BORN IN MAMOU, LOUISIANA 1941
LIVES AND WORKS IN BRIDGEHAMPTON, NEW YORK
Keith Sonnier radically reinvented sculpture in the late 1960s by experimenting with industrial and ephemeral materials. He was part of a distinct group of artists, including Eva Hesse, Barry Le Va, Bruce Nauman, Richard Serra, Joel Shapiro, Richard Tuttle, and Jackie Winsor, that called previous conceptions of sculpture into question. Sonnier worked with a wide range of materials that included latex, satin, fabrics, found objects, transmitters and video. In 1968, Sonnier began creating wall sculptures using incandescent light, neon and sheer fabric. Using copper tubing as a template, Sonnier sketched lines, arches and curves that were ultimately realized in glass tubing enclosing the neon gas. The linear quality of the neon allowed Sonnier to draw in space with light and color, while the colored light interacted with the surrounding architecture.
Sonnier has been the subject of more than 150 solo exhibitions and has participated numerous group exhibitions including: When Attitude Becomes Form, Kunsthalle Bern and Institute of Contemporary Art, London (1969); Venice Biennale (1972, 1982); Documenta 5, Kassel (1972); the Whitney Museum of American Art’s 1970 Annual Exhibition: Contemporary American Sculpture, and Whitney Biennial Exhibitions (1973, 1977); Musée National d’Art Moderne, Centre Georges Pompidou, Paris (1979); Hirshhorn Museum and Sculpture Garden, Washington, D.C (1989); The New Sculpture 1965–1975: Between Geometry and Gesture (1990) at the Whitney Museum, New York, which later traveled to Museum of Contemporary Art, Los Angeles. Most recently, Sonnier was the subject of a retrospective exhibition at the Parrish Art Museum, Water Mill, New York that travelled to New Orleans Museum of Art (2019).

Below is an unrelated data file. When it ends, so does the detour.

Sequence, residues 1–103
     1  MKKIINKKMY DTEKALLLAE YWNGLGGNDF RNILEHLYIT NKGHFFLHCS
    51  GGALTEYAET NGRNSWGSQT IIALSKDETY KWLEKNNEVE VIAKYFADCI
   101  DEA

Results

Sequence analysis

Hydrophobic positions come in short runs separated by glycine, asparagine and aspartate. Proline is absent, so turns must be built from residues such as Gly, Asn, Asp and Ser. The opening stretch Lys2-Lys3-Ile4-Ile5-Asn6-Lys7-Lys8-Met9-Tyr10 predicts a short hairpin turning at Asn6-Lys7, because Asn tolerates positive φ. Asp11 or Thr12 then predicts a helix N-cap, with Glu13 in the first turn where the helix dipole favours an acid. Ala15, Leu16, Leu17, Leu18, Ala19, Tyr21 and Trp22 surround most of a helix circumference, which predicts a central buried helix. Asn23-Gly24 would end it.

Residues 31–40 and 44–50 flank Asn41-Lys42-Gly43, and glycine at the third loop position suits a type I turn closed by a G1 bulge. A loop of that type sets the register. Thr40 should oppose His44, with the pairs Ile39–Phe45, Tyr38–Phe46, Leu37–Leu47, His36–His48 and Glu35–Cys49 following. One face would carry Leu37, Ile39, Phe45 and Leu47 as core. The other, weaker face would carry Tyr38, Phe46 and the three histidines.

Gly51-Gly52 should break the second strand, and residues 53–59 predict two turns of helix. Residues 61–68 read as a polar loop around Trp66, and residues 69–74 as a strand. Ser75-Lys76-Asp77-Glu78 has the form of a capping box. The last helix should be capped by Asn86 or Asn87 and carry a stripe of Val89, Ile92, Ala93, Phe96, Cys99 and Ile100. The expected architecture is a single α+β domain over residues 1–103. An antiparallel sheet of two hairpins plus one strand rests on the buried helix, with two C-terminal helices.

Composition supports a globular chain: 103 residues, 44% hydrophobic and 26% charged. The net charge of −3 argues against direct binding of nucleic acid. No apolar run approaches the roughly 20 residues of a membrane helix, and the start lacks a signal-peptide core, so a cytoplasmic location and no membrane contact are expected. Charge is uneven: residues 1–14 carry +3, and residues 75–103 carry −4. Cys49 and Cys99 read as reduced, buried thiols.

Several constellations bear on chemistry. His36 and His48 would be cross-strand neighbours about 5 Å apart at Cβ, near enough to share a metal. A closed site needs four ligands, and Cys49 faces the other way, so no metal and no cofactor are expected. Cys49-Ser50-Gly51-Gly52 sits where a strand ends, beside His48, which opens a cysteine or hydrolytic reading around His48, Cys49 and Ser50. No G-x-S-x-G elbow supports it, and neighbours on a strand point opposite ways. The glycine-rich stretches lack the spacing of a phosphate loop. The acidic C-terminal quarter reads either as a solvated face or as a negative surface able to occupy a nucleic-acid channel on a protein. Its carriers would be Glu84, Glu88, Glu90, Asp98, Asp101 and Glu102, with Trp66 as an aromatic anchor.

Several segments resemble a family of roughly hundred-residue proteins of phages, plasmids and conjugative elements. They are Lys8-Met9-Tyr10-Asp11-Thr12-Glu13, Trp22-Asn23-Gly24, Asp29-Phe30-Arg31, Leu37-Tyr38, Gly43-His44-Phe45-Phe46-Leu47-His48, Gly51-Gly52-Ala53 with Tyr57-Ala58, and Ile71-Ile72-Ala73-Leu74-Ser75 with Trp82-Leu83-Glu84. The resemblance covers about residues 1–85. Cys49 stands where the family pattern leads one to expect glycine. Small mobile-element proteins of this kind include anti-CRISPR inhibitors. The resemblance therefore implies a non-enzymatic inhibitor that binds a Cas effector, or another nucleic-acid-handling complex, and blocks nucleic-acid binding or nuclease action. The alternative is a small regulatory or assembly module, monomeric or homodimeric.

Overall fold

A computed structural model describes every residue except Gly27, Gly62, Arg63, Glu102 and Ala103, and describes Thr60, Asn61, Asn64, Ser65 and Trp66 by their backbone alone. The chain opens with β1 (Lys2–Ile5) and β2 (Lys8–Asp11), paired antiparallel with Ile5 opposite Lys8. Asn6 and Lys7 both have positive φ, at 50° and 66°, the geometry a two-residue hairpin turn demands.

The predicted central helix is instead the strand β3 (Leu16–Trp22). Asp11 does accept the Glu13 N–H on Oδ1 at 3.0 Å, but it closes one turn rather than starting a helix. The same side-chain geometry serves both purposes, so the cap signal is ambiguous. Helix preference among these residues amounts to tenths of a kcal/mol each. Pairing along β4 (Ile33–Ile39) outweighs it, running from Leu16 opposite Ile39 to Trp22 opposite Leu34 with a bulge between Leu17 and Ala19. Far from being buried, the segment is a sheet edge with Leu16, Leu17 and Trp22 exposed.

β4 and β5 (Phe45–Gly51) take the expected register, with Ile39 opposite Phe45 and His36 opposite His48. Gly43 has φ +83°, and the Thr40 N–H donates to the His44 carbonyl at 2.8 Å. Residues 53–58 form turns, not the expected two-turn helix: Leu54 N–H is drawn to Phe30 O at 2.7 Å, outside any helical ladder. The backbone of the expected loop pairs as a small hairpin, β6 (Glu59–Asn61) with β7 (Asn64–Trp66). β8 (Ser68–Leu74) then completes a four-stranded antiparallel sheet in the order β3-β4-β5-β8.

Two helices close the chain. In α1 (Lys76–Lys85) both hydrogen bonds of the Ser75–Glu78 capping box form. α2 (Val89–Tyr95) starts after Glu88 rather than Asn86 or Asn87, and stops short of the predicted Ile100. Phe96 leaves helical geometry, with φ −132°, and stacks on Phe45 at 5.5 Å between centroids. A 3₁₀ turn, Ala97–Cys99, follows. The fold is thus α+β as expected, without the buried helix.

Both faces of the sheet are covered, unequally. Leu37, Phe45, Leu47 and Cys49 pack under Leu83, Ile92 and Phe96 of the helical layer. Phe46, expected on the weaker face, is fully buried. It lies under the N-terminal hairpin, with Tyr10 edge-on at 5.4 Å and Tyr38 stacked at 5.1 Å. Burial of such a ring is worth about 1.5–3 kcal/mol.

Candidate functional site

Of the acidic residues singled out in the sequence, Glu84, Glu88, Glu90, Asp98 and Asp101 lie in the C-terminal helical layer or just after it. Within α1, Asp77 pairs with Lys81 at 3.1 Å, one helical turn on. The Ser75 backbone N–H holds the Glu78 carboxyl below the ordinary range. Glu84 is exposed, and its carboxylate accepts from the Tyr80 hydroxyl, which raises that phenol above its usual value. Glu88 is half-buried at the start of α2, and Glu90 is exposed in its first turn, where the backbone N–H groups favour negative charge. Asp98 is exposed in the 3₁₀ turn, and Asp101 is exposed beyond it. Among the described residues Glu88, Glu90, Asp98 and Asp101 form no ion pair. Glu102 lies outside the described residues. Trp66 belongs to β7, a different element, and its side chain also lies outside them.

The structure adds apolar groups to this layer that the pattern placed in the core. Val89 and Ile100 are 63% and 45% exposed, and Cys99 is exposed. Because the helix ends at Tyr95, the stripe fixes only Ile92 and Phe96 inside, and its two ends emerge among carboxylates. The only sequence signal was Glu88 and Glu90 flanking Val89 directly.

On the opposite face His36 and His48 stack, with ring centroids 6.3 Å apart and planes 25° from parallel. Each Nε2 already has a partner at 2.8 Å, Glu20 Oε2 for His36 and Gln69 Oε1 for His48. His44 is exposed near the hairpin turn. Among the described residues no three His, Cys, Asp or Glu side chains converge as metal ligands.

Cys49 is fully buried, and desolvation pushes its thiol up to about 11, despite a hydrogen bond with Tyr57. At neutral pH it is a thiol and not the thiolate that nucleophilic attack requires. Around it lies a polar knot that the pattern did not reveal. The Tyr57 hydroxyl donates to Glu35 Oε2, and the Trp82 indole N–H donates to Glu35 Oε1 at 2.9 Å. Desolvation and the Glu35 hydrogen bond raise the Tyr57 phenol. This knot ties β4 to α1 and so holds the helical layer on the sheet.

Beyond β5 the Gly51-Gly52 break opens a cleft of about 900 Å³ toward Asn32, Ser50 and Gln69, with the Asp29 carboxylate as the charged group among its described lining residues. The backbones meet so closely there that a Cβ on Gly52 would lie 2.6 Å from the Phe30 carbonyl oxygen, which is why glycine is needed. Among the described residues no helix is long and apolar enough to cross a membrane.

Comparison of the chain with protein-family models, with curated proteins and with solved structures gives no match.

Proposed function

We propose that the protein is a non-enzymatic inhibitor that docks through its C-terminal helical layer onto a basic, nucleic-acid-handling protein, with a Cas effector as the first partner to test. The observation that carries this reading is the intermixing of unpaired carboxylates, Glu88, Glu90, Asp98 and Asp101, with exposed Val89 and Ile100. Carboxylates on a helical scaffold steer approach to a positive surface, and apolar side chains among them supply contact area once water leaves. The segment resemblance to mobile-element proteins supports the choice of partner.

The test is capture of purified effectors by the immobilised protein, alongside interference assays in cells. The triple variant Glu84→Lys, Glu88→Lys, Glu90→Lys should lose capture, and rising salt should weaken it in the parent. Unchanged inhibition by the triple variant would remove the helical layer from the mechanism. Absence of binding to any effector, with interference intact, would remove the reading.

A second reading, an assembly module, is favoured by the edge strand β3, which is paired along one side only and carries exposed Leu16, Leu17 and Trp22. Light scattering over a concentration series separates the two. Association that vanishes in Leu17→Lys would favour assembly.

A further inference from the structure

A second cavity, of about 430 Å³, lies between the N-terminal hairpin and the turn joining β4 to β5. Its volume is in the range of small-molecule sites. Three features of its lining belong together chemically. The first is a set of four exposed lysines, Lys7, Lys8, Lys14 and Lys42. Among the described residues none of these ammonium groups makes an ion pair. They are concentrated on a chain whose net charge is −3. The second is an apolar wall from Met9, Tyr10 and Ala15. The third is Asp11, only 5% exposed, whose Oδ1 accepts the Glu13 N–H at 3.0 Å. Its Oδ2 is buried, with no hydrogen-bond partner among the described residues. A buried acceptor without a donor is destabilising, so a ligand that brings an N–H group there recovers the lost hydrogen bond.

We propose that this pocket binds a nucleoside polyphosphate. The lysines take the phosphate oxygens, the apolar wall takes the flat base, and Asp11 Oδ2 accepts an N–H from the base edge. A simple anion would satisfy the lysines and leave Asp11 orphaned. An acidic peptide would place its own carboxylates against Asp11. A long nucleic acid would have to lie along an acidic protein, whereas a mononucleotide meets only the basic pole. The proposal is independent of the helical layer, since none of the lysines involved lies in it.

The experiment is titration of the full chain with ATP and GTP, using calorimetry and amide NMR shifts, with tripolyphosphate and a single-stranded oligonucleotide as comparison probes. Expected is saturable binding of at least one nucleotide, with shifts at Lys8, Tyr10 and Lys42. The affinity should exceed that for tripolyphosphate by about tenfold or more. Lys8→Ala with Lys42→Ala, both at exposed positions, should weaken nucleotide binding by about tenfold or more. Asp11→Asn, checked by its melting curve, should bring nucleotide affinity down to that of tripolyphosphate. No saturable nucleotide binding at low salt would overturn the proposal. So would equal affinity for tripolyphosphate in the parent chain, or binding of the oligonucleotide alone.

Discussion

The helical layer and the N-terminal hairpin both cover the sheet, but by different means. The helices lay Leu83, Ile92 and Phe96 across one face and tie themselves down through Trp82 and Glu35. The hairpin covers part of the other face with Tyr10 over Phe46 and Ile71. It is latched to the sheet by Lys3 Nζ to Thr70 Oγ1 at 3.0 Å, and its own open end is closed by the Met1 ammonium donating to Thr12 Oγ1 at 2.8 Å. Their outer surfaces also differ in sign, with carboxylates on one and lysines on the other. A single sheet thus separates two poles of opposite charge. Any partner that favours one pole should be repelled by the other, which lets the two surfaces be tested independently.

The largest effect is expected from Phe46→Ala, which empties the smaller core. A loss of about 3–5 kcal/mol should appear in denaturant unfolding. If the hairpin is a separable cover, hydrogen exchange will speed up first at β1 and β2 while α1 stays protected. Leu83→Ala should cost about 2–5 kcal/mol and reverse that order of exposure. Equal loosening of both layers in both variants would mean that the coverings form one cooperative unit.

Image: Keith Sonnier, La Niçoise, 1977/2019, glass, galvanized steel, neon wire, transformer, 83 1/2 x 167 x 11 3/4 inches, 212.1 x 424.2 x 29.8 cm © 2019 Keith Sonnier / Artists Rights Society (ARS), NY. Photograph © Caterina Verde.